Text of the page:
Now if phosphorous and eutrophications is really a problem or not, is not so easy to answer. Urban ponds in tropical areas are generally quite nutrient rich and are a very different ecosystem than European lakes, thus may be much less sensitive to phosphorous immisions. The best bet here is indeed to find out what the local standards are recommending and designing your plant according to these standards, rather than applying stricter standards for nutrient removal than legally needed.

All the best for your project,
Florian
Florian Klingel
Water and Sanitation Specialist at Skat Consulting Ltd.
Last Edit: 18 Jul 2012 20:31 by Florian.
The following user(s) like this post: muench, Moritz

Re: Conceptual Design of a Decentalized Treatment Concept in Raipur, India 19 Jul 2012 11:41 #1952

  • Ian
  • CONTACT
  • Posts: 6
  • Likes received: 3
  • Karma: 3
Dear Moritz, a little bit more to the useful contributions of Florian and JKMakowka. I agree with JKMakowka that a constructed wetland is better for P removal than just soil absorption. In the wetland situation the adsorbed P is then utilised by the plants, making provision for additional adsorption capacity (provided the plants are harvested from time to time) Your idea that you could then remove the soil and use it for agriculture may have merit, but it is a small unit so why not grow a useful crop in the wetland. It also sounds as if the community will gradually develop such that all households can be connected to the treatment system, which should then aim to provide a good quality effluent from all aspects (COD removal, N and P removal, pathogen removal) which will generally require additional steps such as an oxidation pond before the constructed wetland. However if malaria is a problem other alternatives may need to be considered.

Eutrophication of the pond used for bathing (and perhaps water for other purposes if the tap water fails) should not be taken lightly. I eutrophication leads to growth of blue-green algae (cyanobacter) this can lead to the release of toxins into the water if they experience stress (e.g. scum formation in thick surface layers, exposure to treatment chemicals such as chlorine). these toxins can lead to liver damage and other ailments in vulnerable populations.

Options for partial removal of phosphates which can also be integrated into an environmental education programme include the establishment of floating wetlands on the pond/lake, harvesting of floating plants and even algae and used for vermiculture and subsequent soil fertizer.

A recomemnded COD effluent value is less than 50 to a maximum of 75 mg/l, but you should check the Indian standards. Orthophosphate should be less than 10mg/l, but preferably less than 1 mg/l is discharging into a eutrophic water body (check Indian standards). Nitrates should be less than 10 mg/l.

You would certainly provide a great asset to the community if a communal clothes washing place (and perhaps cubicles for personal bathing) be constructed away from the pond. The wash-off from this could then be handles separately and as far as possible prevented from re-entering the pond.

I have attached an article on management options for a eutrophied lake in South Africa - it is not an urban pond but receives effluents and run-off from the city of Johannesburg and has experienced fairly severe eutrophication. Research into ways of managing the lake is ongoing.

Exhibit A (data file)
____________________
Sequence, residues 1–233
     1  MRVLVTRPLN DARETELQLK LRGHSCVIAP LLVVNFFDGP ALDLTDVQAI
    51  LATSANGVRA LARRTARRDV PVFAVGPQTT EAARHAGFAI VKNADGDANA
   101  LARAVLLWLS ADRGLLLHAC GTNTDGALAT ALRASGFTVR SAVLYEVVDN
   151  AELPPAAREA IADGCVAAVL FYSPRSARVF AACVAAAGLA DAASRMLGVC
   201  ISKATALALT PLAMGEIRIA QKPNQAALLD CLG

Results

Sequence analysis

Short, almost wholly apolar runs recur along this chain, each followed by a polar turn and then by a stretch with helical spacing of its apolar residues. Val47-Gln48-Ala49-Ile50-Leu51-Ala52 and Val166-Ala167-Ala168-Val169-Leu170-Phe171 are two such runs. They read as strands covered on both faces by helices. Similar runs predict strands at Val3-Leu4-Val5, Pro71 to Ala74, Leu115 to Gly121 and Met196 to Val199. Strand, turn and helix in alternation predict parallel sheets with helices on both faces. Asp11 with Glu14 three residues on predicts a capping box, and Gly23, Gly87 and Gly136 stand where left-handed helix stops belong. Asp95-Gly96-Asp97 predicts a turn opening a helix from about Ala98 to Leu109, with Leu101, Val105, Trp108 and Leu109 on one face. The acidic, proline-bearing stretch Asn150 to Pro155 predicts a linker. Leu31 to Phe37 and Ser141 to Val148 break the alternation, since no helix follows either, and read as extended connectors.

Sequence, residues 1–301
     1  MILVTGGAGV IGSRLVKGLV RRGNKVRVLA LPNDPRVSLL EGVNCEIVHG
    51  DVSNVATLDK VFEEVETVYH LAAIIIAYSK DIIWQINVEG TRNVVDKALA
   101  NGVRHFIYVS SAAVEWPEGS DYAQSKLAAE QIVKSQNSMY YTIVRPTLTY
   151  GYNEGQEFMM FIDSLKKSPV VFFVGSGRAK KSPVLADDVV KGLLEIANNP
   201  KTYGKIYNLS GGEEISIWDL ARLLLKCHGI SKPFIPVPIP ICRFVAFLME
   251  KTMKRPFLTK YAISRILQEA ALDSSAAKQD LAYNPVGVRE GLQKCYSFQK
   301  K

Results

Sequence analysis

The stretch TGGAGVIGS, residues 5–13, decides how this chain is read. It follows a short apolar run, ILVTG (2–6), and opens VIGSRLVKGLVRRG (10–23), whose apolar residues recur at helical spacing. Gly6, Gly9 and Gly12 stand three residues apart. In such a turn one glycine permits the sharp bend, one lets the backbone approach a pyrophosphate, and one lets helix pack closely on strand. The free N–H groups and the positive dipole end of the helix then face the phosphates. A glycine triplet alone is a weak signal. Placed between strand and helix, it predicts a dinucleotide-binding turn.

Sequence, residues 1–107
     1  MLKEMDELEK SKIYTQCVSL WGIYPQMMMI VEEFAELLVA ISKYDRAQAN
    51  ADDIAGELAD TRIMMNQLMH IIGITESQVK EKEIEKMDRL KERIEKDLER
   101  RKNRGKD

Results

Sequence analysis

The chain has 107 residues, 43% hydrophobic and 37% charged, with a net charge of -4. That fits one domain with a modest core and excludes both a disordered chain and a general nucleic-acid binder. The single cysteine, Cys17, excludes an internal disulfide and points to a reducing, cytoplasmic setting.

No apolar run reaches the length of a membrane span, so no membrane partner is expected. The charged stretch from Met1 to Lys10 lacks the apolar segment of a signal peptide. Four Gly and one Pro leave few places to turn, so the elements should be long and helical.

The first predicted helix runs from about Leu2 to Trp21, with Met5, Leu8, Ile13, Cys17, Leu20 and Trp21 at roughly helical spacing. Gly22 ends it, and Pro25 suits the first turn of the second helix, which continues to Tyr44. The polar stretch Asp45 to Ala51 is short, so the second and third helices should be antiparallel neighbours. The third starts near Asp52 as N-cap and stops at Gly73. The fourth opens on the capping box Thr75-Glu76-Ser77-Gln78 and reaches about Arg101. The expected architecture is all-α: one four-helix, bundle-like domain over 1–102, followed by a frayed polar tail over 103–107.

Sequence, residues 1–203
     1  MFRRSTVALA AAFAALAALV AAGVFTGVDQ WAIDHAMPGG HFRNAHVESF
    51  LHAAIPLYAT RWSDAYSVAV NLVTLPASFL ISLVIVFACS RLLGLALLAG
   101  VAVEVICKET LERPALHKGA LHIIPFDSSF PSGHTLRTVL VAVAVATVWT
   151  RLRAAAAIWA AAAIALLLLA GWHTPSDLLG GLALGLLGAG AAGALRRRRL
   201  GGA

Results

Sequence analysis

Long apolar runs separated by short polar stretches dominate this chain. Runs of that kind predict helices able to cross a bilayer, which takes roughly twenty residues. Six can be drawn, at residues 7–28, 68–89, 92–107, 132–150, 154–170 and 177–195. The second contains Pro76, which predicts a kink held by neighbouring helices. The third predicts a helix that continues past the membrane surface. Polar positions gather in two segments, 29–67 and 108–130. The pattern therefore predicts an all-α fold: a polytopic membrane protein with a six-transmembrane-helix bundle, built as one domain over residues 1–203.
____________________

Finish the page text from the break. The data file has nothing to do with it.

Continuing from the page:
Attachments:
  • Attachment This attachment is hidden for guests. Please log in or register to see it.
The following user(s) like this post: Moritz

Re: Conceptual Design of a Decentalized Treatment Concept in Raipur, India 19 Jul 2012 20:50 #1961

  • muench
  • CONTACT
  • Moderator
  • Freelance consultant (former roles: program manager, lecturer, process engineer)
  • Posts: 794
  • Likes received: 249
  • Karma: 18
Dear Moritz,

With regards to constructed wetlands in developing countries (if you choose constructed wetlands), see also this brandnew publication which could have useful information for you:

Muellegger, E., Langergraber, G., Lechner, M., EcoSan Club (eds.) (2012). Treatment wetlands. Sustainable Sanitation Practice (SSP), Issue 12. EcoSan Club, Austria.

www.susana.org/lang-en/library/library?v...p;type=2&id=1572

Articles:

‘Treatment wetlands in Austria: Practical experiences in planning, construction and maintenance’. Author: Mitterer-Reichmann, G.

‘Constructed Wetlands for the Treatment of raw Wastewater: the French Experience’. Authors: Troesch, S., Esser, D.

‘Comparing the treatment efficiency of different wastewater treatment technologies in Uganda’. Authors: Muellegger, E., Lechner, M.

‘A Hybrid Wetland for Small Community Wastewater Treatment in Morocco’. Authors: El Hamouri, B., Kinsley, C., Crolla, A.

‘Constructed Wetlands for Urban Wastewater Treatment in Egypt’. Authors: Abdel-Shafy, H.I., Dewedar, A.

‘Sludge Treatment in Reed Beds Systems – Development, design, experiences’. Author: Nielsen, S.


One minor thing I don't like about this publication is that they use a new abbreviation: TW (for "treatment wetland"), whereas the abbreviation CW (for "constructed wetland") is perfectly fine.

Anyhow, nice compilation of experiences with constructed wetlands in various countries.

Elisabeth
Dr. Elisabeth von Muench
Independent consultant
Frankfurt, Germany
This e-mail address is being protected from spambots. You need JavaScript enabled to view it
Twitter: @EvMuench
Website: www.ostella.de
Member of SuSanA (www.susana.org)
Last Edit: 19 Jul 2012 20:52 by muench.
The following user(s) like this post: Moritz

Re: Conceptual Design of a Decentalized Treatment Concept in Raipur, India 16 Aug 2012 15:28 #2084

  • Moritz
  • CONTACT
  • Posts: 21
  • Likes received: 6
  • Karma: 2
Dear all,

Thank you for your helfpul responses and shared ressources.

Our project partner is CDD an Indian NGO established by BORDA, so I am familiar with the DEWATS approach. However it is (almost) neglecting phoshorus removal, ecological integration etc. so I am trying to complement their approach with low-tech approaches for removal of nutrients and other features, which as you pointed out is a rather tough undertaking.

Thank you very much for you responses which keep me on the right track.